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How Do You Get All The Benefits Out of Your Machine Tool Investment?

March 25, 2008
By Scott Walker President, Mitsui Seiki USA, Inc. On a bright day full of promise and smiles your new machine tool arrives in a wooden crate the size of a small backyard shed. Two congenial technicians sporting crisp shop coats emblazoned ...

By Scott Walker
President, Mitsui Seiki USA, Inc.

On a bright day full of promise and smiles your new machine tool arrives in a wooden crate the size of a small backyard shed. Two congenial technicians sporting crisp shop coats emblazoned with the builder’s brand carefully unpack and begin the tedious installation process, which includes running the machine through its paces to make sure everything is okay.

Afterwards you shake hands cordially, and they depart. “Good luck!” they say sincerely.

That scenario is the surest way to head for disaster in the worst case, or get less than optimum performance out of your machine in the best case. What’s missing?

What’s missing is the contract the builder most likely offered you way back during the purchase phase, which was to supply at least one, maybe even two, weeks of applications engineering support immediately following installation.

You didn’t think you needed it. After all, you have a smart team yourself, plus you went through test cuts at the builder’s factory, and everything went smoothly there.

“There” is the operative word.

In our own case, “there” is Mitsui Seiki’s assembly areas, closely regulated for optimum temperature control at 20 degrees Celsius, with a tolerance of +/- 0.2 degrees. Stable and rigid machine support during assembly and testing is reached through a specially engineered flooring system. The concrete floors in the machine assembly bays are one meter thick, and are supported by 40-meter deep pilings, spaced every 10 square meters.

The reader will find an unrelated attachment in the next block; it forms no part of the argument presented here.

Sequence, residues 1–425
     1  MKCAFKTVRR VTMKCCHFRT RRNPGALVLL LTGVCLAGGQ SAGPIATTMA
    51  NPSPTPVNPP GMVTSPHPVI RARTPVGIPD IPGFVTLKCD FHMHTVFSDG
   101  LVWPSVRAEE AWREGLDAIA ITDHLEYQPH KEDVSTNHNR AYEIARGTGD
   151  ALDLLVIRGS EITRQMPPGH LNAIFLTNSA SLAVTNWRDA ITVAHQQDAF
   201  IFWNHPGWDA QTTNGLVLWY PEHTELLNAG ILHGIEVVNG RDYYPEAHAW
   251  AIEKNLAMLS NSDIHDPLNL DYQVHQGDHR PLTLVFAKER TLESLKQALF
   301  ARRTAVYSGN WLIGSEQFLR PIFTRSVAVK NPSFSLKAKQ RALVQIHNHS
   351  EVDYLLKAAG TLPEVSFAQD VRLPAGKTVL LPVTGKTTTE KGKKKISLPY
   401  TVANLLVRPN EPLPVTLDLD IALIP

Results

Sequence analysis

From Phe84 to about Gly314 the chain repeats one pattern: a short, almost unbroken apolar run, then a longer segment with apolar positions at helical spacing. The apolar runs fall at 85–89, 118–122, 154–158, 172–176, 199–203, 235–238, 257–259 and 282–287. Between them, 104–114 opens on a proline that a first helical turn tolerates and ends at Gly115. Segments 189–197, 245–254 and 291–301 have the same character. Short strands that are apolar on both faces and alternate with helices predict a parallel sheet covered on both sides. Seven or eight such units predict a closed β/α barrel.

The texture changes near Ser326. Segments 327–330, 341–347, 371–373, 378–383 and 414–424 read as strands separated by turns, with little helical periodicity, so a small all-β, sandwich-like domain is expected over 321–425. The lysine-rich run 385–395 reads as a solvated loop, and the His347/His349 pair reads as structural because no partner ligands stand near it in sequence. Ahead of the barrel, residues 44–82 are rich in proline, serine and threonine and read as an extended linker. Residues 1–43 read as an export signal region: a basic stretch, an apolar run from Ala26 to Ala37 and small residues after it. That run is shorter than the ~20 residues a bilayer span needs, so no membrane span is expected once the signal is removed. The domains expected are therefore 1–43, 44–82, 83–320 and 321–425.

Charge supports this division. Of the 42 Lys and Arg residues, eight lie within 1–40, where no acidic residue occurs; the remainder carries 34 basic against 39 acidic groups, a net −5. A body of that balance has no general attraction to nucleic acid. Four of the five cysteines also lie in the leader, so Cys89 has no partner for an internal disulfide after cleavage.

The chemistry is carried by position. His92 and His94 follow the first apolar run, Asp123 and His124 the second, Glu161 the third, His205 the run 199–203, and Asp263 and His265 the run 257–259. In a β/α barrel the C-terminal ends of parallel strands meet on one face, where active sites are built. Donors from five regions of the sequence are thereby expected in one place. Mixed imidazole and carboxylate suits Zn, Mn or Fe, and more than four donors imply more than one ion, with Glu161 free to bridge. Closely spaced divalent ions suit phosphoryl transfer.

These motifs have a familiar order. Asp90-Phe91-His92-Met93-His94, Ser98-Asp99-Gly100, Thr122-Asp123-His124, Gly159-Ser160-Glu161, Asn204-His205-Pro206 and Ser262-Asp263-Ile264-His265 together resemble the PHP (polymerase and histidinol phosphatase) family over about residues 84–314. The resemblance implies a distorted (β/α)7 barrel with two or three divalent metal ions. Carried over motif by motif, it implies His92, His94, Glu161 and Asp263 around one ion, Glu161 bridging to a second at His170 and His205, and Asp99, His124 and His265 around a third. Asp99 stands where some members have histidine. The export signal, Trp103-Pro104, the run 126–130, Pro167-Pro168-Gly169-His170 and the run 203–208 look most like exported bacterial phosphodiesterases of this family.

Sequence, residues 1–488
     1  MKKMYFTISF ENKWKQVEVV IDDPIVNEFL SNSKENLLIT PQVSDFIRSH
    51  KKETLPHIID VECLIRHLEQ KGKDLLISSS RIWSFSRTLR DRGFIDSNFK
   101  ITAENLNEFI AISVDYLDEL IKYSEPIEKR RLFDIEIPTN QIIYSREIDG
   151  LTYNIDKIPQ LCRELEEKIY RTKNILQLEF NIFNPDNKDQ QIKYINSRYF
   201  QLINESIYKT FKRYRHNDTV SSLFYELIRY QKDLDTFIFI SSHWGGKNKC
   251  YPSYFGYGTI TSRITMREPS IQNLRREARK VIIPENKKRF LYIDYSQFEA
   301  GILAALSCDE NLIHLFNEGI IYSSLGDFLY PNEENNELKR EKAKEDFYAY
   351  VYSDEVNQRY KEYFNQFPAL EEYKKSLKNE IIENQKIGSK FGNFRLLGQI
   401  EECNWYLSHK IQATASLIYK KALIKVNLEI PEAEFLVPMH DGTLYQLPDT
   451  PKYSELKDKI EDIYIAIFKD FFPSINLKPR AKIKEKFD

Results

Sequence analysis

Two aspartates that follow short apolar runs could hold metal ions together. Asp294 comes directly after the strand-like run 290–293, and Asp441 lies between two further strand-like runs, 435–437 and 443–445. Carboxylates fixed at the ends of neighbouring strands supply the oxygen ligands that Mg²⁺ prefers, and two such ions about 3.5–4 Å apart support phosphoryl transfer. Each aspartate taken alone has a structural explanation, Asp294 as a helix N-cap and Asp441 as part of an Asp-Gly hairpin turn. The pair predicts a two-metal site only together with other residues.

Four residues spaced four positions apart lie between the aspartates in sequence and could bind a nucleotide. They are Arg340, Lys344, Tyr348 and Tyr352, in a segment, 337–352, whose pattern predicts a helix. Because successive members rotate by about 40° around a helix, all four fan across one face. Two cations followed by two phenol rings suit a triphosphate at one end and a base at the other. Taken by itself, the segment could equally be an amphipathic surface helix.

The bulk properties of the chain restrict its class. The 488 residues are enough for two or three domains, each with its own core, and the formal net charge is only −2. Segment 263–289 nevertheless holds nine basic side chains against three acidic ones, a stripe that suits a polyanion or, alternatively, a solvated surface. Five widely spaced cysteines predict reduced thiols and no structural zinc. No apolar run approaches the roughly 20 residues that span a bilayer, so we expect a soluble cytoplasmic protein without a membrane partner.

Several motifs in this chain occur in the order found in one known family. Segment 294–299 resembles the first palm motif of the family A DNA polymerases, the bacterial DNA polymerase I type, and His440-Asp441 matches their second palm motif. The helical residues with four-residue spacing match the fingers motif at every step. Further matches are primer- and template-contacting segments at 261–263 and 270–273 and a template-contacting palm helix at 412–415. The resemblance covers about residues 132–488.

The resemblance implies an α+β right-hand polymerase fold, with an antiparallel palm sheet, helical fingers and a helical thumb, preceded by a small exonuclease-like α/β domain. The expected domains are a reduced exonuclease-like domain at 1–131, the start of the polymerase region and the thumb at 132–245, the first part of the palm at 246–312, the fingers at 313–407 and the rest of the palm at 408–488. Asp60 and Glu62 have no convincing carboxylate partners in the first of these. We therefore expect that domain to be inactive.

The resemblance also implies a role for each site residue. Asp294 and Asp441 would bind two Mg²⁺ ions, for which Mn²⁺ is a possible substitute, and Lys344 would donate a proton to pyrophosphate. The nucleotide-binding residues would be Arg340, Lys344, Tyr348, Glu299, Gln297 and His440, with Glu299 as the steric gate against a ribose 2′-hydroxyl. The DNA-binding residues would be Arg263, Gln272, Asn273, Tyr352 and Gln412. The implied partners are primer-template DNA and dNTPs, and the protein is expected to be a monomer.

This combination of a solid infrastructure and strict environmental controls provides the best conditions for benchmarking our machines’ capabilities before customer installation. These features are geared towards the extraordinary precision requirements of our sophisticated tool line, consisting of 5-axis machining centers, ultraprecision (under 20 microns true positioning capabilities) vertical and horizontal machining centers, jig borers, jig grinders, thread grinders and special purpose machines.

While most of our customer’s factories are as modern as they come, and sometimes our machines are even placed in “clean” R&D labs, it’s still a completely different environment.

Therefore we always strongly suggest signing up for applications support at your site with your parts “soaked” in your environment on the machine table.

To know that you are really getting the most out of your machine, that it’s operating at its optimum level, is to get spindle utilization above 80 percent. That’s the magic number from the builder, from you, and for the group of features that are on the machine.

For example, let’s say the machine is a 5-axis HMC with a trunnion table, pallet loading system, a probing system, a group of gaging macros, and a laser measurement device to check for dimensional features and tool wear.

It has adaptive control, it has advanced intelligence to optimize the process and integrate the whole package of features.

In other words – this bad boy is sophisticated and complex. By having a trained factory technician knowledgeable about the machine and your application(s), together you can work through all the issues that surface when the machine is operating at your site.

Further, by observing the cutting action and all the variables imposing on that, this is the opportune time to determine how to reduce cycle time. The goal is to not only make parts within tolerance; it’s to make them profitably.

Maintaining that 80 percent spindle runtime, at least, and closely monitoring tool life is key.

Because tooling is such an important aspect of machine optimization, I always recommend having your tooling engineer there during this phase, too.

I’ve seen it happen that a tooling expert can make adjustments that allow you to reach farther than your standard length of diameter ratios. A tooling engineer also might provide you with new cutting edges that will last longer or last through specific cuts you are trying to hold such as bores and flats.

So, when that gleaming new piece of equipment is shining on your shop floor, make sure it shines where it really counts – making your parts right, making your parts profitably, and working efficiently toward the ROI.

To accomplish that, you need to invest in support.

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